Uncluttering your reading material

Do you have a huge backlog of things you want to read sometime? Does that sometime never seem to come? The following are some steps you might take to unclutter that reading backlog — and keep it from building up again. I’m going to ignore books for now and focus on some of the more ephemeral materials: newsletters and magazines.

Consider general guidelines for the reading materials you keep

You’ve probably heard the famous words of William Morris: “Have nothing in your houses that you do not know to be useful or believe to be beautiful.” I look for the equivalent in my nonfiction reading matter: useful information or engaging writing on a topic of interest. Useful information, to me, is something new that I can definitely see myself using in the near future, usually in my work — not something that might be useful, someday, in some unspecified way.

Manage your online newsletter subscriptions

It’s easy to wind up oversubscribed to online newsletters because it just takes a click to subscribe and so many of them are free. But they can just as easily overwhelm your email and create a huge reading backlog. And I should know, since I recently noticed some newsletters I had sitting around from October of last year. (They are gone now.)

Because of that backlog, I’ve been re-evaluating the newsletters I get. There’s one I subscribed to a couple months ago, knowing I wasn’t sure about it but wanting to give it a try. I just unsubscribed from that one because the content simply wasn’t compelling enough to give it my time. I also dropped a long-term subscription because my interests have changed, and another one because the author’s style no longer appeals to me.

One of my newsletters is purely a current news update so I make sure to delete it daily, even if I don’t get around to reading it the day it arrived. There’s always more news, and the stories in yesterday’s news digest may well have been updated by today. So I get rid of that newsletter the same way I would recycle a day-old newspaper.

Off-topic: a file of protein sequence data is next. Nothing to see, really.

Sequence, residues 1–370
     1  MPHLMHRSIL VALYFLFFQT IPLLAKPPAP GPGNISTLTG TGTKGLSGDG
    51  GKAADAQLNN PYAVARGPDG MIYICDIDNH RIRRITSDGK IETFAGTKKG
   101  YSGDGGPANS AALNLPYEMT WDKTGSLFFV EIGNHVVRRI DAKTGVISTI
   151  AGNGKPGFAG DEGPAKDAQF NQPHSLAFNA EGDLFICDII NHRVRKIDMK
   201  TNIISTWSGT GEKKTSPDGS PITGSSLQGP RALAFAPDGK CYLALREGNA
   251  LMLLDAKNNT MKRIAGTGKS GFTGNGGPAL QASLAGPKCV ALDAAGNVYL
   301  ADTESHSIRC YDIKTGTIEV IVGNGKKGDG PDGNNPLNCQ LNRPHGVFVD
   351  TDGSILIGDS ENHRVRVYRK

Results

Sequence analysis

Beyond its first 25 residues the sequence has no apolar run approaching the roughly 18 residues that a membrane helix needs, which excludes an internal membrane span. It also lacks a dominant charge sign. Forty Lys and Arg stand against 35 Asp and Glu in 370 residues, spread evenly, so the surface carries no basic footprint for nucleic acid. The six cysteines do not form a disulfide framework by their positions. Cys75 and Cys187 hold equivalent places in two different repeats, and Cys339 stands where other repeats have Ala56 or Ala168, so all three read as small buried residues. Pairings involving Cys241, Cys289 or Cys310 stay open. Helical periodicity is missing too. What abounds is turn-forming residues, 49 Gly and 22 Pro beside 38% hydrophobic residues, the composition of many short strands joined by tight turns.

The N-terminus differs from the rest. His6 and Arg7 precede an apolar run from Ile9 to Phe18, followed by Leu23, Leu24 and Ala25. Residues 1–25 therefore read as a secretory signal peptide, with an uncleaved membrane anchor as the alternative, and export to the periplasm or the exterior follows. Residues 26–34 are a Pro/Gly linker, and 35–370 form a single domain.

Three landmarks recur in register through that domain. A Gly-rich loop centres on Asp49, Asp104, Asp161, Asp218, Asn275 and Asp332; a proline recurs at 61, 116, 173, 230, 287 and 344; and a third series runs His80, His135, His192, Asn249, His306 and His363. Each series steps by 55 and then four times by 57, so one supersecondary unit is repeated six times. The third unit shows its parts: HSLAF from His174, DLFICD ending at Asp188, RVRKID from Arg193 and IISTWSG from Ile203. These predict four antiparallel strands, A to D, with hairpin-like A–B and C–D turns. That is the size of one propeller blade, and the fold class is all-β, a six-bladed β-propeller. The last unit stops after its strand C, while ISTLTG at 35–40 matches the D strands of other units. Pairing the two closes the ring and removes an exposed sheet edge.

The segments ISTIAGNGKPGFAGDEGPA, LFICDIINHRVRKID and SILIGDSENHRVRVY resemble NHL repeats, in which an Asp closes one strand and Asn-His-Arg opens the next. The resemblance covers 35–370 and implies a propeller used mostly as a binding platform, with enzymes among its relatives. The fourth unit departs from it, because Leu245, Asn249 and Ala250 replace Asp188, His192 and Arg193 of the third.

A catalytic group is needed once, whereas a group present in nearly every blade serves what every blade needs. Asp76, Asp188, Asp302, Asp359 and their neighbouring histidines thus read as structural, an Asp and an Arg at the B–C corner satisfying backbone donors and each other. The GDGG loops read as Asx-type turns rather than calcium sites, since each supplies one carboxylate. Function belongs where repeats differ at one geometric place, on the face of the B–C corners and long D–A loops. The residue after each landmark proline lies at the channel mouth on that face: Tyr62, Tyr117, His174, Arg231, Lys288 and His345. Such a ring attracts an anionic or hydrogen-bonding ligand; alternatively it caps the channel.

My remaining four newsletters (two daily, two weekly) are either useful in my work or just really fun to read, so I feel fine about keeping those subscriptions and letting the newsletters accumulate in my email for a little while — a week or two, perhaps — if my schedule is too crowded for me to read them right away.

Manage your magazine (and paper newsletter) subscriptions

Again, it’s easy to wind up with subscriptions you don’t really need or want. For example, I know people who have bought magazine subscriptions in order to support a fundraising effort, even though they didn’t really care about the magazines. (In such cases, it might be wise to ask if you can just donate to the cause directly, rather than through buying the subscription.)

It’s also easy to wind up with a subscription that expires many years out, because those renewal notices sometimes keep coming, and you may forget you’ve already renewed. If you have subscriptions to magazines you no longer care about, you may want to cancel them now (and perhaps get a refund) rather than just waiting for the subscription to expire.

Other magazines that can cause trouble are those that come every week, especially if they are not light reading. The New Yorker may be a fine magazine, but it’s very easy to develop a large pile of unread New Yorkers. Be honest with yourself about how many magazines you can reasonably keep up with, and you’ll enjoy your subscriptions more.

Personally, I’ve realized I’m not good at making time to read magazines, so before this week I was down to two subscriptions: one I chose and one that comes along with from my auto club membership. As I went to write this post, I realized that I don’t really want the auto club magazine, so I just called and got that one cancelled.

4 Comments for “Uncluttering your reading material”

  1. posted by Shel on

    I recently went on an unsubscribe spree for both newsletters and blogs. Similar to what you describe above, there were several that I no longer needed, enjoyed or found useful. Now I need to tackle the articles I’ve saved to Pocket. I suspect there are a great many I’ve saved but will never read.

  2. posted by laura m. on

    shel: me too, even deleted one of my email address because several would not stop or unsubscribe me. Plus some of them sent spam for products they sell. I just go directly to their website instead. Also, I ditched other email correspondence, was wasting my time, I told them I had to cut back and pare down my email time. I gave lots of books away several years ago. Have very few now. We no longer get newspapers, poor quality all over nowdays.

  3. posted by Laura on

    Libraries are a great way to keep your own reading clutter to a minimum. Peruse free magazines and books and return them when you are done! A lot of libraries will also let you check out e-books and audio-books. — Your friendly librarian.

  4. posted by Berin Kinsman on

    What I discovered a while back is that categorizing and grouping things makes declutttering a lot easier. Whether it’s book, browser bookmarks, or RSS feeds, grouping them by topic makes it easier to weed out what you no longer need or are no longer interested in. Instead of going through everything looking for what to cull, you can either blow up whole categories or simply look for best-of-breed in each category and get rid of the rest.

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